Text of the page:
Winnipeg Jets goaltender Connor Hellebuyck criticized the NHL’s decision to pause its season, a move which made it the first North American professional sports league to halt its schedule amid an unprecedented global spike in COVID-19 cases, driven by the rise of the Omicron variant.
“It’s a little overkill,” Hellebuyck said Tuesday. “You see leagues like the NFL that are adapting and, I think, doing things right. It sucks but it’s Christmas time, use it as a break, see family and enjoy what we have.”
The NFL and its players’ association have re-configured the league’s COVID-19 protocols multiple times. Under latest guidelines, the league scaled back its testing, deciding that only unvaccinated players and those who experience possible symptoms of COVID-19 will be tested.
Before that, the NFL and NFLPA updated protocols to allow asymptomatic vaccinated players to return sooner if they have two negative tests on the same day, or one negative test and an antibody test showing the individual has reached a certain level.
The moves came at a time of the season during which the NFL set a single-day high in players’ positive tests, and more than 130 players total placed on teams’ COVID-19 reserve lists, reigniting a debate over postponing games — an option the league had adamantly opposed in the past, going as far as saying forfeits “could be in play.”
“I would not describe it as, ‘we’re stopping testing for vaccinated players,'” Dr. Allen Sills, the chief medical officer of the NFL, said Saturday. “We’re trying to test smarter and in a more strategic fashion.”
Moving away from daily testing aligns with recent guidance from the Centers for Disease Control and Prevention for the broader population, which advised that vaccinated individuals do not need to be tested unless they are exposed to the coronavirus or show symptoms.
However, the rapid spread of Omicron — both within sports teams and the communities they play in — has brought the importance of testing back into the spotlight. On a national level in the United States, the Biden administration has said it will buy 500 million rapid tests to distribute to the public for free as well as set up federal testing sites in the lead up to Christmas, underscoring the importance of testing when it comes to controlling community spread.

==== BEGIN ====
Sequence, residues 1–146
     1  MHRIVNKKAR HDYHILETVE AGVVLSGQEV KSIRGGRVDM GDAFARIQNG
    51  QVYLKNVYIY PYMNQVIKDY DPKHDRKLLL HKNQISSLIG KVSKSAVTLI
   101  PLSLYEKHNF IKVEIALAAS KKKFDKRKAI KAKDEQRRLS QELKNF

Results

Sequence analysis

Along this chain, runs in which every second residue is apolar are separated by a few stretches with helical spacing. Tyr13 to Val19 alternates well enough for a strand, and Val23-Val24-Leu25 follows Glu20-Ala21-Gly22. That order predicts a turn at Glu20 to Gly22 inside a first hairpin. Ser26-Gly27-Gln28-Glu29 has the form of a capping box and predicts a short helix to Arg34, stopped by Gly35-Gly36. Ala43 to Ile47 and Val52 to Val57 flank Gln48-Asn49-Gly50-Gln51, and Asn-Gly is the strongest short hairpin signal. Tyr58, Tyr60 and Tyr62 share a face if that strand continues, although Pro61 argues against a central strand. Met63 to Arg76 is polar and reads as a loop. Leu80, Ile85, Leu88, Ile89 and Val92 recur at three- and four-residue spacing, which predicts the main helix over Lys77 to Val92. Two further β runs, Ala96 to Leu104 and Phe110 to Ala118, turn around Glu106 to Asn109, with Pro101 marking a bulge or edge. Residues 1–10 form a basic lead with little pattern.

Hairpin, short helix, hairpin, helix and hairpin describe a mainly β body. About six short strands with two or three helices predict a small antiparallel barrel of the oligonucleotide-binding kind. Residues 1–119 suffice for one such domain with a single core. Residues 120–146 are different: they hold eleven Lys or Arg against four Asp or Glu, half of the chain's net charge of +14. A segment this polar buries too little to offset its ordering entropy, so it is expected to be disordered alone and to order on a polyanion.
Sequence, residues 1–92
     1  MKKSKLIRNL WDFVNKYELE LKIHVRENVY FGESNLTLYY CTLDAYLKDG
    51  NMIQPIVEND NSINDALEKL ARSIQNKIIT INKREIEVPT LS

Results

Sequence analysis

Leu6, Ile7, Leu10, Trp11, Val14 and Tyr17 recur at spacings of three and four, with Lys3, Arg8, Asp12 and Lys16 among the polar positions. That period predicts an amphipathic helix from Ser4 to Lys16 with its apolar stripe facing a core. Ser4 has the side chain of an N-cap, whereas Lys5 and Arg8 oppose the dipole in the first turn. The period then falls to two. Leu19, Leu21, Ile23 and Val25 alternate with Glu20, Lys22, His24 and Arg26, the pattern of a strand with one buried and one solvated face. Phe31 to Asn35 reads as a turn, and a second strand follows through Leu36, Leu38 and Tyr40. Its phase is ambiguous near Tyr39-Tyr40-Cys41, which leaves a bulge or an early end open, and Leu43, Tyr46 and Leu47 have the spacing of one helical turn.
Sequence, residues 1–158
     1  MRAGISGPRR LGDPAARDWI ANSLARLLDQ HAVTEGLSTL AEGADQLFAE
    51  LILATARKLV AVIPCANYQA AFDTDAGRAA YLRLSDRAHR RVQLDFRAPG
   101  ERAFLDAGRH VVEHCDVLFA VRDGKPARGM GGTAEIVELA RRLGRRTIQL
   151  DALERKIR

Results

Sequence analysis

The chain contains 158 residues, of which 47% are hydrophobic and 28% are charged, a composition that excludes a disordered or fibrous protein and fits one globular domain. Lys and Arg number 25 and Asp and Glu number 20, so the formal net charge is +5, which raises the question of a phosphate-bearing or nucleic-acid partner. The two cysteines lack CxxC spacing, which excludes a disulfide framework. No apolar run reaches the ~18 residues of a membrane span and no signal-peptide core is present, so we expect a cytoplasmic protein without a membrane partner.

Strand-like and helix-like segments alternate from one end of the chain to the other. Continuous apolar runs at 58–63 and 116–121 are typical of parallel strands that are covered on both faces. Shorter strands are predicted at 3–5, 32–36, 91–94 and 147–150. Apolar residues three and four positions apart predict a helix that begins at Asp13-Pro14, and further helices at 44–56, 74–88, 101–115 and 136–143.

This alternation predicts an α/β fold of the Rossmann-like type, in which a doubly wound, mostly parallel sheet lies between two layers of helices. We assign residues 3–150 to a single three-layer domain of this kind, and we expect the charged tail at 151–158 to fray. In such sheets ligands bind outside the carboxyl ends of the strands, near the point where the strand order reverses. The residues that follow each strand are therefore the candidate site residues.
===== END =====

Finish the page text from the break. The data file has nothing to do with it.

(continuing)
Currently in the NHL, players are subject to frequent testing — daily, at the moment — whether they exhibit symptoms or not.
Other protocols have been strengthened by the NHL recently too, including players and coaches being prohibited from eating indoors at restaurants and bars, and being encouraged to wear masks indoors.
“I think it’s doing a lot more harm than good,” Hellebuyck said of the NHL’s COVID-19 protocols over the weekend, though he didn’t specify which measures. “Everyone I’ve talked to, they’re in agreeance with that. We need to be informed and then we need to be able to make our own decisions.”
Despite the changes, cases have continued to surge in the NHL. More than 132 players were in the league’s COVID-19 protocols as of Tuesday, fuelling the league’s decision to postpone all activities and implement a league-wide shutdown from Wednesday through at least Christmas Day.